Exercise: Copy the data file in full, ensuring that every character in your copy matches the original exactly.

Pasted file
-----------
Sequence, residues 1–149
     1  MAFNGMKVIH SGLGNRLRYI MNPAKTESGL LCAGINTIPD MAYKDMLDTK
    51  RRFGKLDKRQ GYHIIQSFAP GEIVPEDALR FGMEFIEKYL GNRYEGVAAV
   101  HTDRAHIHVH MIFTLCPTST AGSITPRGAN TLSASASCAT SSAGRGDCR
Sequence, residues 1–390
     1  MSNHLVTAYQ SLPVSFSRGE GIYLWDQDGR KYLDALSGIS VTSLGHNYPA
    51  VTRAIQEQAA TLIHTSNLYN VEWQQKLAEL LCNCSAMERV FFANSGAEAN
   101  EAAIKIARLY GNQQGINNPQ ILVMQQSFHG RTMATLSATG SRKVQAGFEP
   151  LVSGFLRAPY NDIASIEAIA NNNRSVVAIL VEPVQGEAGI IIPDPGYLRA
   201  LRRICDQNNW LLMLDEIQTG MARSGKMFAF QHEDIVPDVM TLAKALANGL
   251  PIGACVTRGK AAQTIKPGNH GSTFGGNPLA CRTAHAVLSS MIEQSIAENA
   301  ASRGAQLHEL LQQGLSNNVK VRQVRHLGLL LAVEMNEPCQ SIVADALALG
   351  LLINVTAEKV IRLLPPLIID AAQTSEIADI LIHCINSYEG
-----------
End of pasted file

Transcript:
Sequence, residues 1–149
     1  MAFNGMKVIH SGLGNRLRYI MNPAKTESGL LCAGINTIPD MAYKDMLDTK
    51  RRFGKLDKRQ GYHIIQSFAP GEIVPEDALR FGMEFIEKYL GNRYEGVAAV
   101  HTDRAHIHVH MIFTLCPTST AGSITPRGAN TLSASASCAT SSAGRGDCR
Sequence, residues 1–390
     1  MSNHLVTAYQ SLPVSFSRGE GIYLWDQDGR KYLDALSGIS VTSLGHNYPA
    51  VTRAIQEQAA TLIHTSNLYN VEWQQKLAEL LCNCSAMERV FFANSGAEAN
   101  EAAIKIARLY GNQQGINNPQ ILVMQQSFHG RTMATLSATG SRKVQAGFEP
   151  LVSGFLRAPY NDIASIEAIA NNNRSVVAIL VEPVQGEAGI IIPDPGYLRA
   201  LRRICDQNNW LLMLDEIQTG MARSGKMFAF QHEDIVPDVM TLAKALANGL
   251  PIGACVTRGK AAQTIKPGNH GSTFGGNPLA CRTAHAVLSS MIEQSIAENA
   301  ASRGAQLHEL LQQGLSNNVK VRQVRHLGLL LAVEMNEPCQ SIVADALALG
   351  LLINVTAEKV IRLLPPLIID AAQTSEIADI LIHCINSYEG